Blog: 31 October 2016Surely it’s time to get modular in self-build housing?

Alex Dutton

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Alex Dutton

Urban Design Associate

Reading office

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After winning the NaCSBA ‘Starter Home on a Shoestring’ competition and viewing all the shortlisted entries, most of which are modular, it seems to me, that it now even more pressing for us as a country, to consider embracing new methods of delivering homes. Of course this is not a new conversation (MMC, £60k home competition, etc, etc), but unlike many other countries, we still do not seem to have a clear strategy on how we can deliver the self- and custom-build homes that people want.

The ‘SNUG’ home which we have designed in collaboration with Ecomotive (a self-build & custom build social enterprise) is an ideal example of what modular self-build housing could offer to the market, and it’s realistic. 

The ‘SNUG’ is based upon a part self-build, part pre-fabricated process. The pre-fabricated structural core ensures greater control over cost, materials and speed, while the finishing can be undertaken by the occupants, giving people the opportunity to benefit from the flexibility, new skills and creativity of self-build.

The SNUG concept evolved from a desire to enable people to achieve affordable, compact, well designed, quality homes and is aimed primarily at those finding themselves priced out of the market. By combining pre-fabrication with self-build, the concept makes it easier for people to 'do it themselves', rather than rely on builders, developers or manufacturers for a new home. Those less keen to get ‘hands-on’ can also have their new home finished by the in-house team.

Community integration has always been at the heart of the ‘Snug’ and our flexible design and stacking method extends beyond the usual detached ‘Grand Design’ self-build home to provide more communal configurations: semi-detached, terraces and apartments or even more collective ways of living such as co-housing. The entirely flexible design further enables a broad use and appeal to different markets; from young to old, individuals to groups, urban in-fill to rural ‘cottages’.

The process of construction is also used to promote the sense of community; the production of the homes takes places in a community housing 'factory', where self-builders can learn the necessary skills and construct their homes in a controlled environment. By bringing people together to be involved in the make-up and build of their homes, we foster buy-in, a sense of place and commitment to the overall community.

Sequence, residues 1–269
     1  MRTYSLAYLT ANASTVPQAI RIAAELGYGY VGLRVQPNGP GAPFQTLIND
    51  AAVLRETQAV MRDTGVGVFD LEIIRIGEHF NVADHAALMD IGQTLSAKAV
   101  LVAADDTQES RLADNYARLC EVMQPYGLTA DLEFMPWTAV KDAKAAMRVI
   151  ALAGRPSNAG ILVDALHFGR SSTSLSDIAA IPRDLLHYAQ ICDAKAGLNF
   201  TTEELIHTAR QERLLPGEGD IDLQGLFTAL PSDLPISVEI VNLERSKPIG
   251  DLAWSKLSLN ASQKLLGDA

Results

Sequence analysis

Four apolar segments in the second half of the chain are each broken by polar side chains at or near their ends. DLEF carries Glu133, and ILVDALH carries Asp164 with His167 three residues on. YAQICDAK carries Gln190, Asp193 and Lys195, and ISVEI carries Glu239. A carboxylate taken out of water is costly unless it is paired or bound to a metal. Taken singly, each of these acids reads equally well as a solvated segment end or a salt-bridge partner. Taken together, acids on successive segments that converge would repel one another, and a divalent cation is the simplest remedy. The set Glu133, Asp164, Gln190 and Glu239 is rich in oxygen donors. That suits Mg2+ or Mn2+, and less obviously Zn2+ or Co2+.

If you look at all of the above, aren't these the ingredients we are striving to create in new communities? Homes like ‘Snug’ could be an important part of larger more traditional developments. Its offsite construction enable it to be smoothly integrated amongst the typical mainstream house builder product, smartly avoiding many of the concerns about self-build areas on larger developments. They could provide the affordable, diverse, creative and adaptive new places that we strive to create, whilst importantly offering a quick and eco-friendly way of building.

Given the speed and ability for these bespoke new homes to be easily slotted into sites and their community role, we could also look to integrate them into say vacant high street plots; filling the gaps with a residential offer that can rejuvenate the high street, bringing activity and life.

 

In his speech at the ‘Planning for Housing’ conference in September, Gavin Barwell recognised there is no ‘silver bullet’ to solve the UK’s housing problems and today has said modular housing could be a ‘huge opportunity’ with an ‘announcement’ to help build 100,000 prefabs over this parliament.

Self and custom-build can work alongside the main housebuilders. By using this modular approach, homes like ‘Snug’, can help alleviate our acute housing crisis and they could do it quickly with clear benefits for the community.

I believe these types of homes could be our affordable homes of the (near) future, but this will only happen if there is a shift in thinking and greater support for this way of building. Richard Bacon’s ‘Self-build and Custom Housebuilding Bill’ was a boost to the industry, but this needs to be followed by some productive action.

The Government support revealed today is of course welcomed and we eagerly await further details in the Housing White Paper to be launched next month. Meanwhile I challenge planners, mortgage providers, house builders – to all think about and back this more varied approach to building affordable, attractive and low-energy homes, as many of our European neighbours do. 

Maybe if we all keep talking about it, and more importantly exploring the possibilities, as we are with SNUG Homes, it will happen.

Posted with the following keywords:
Self-build, Prefab, modular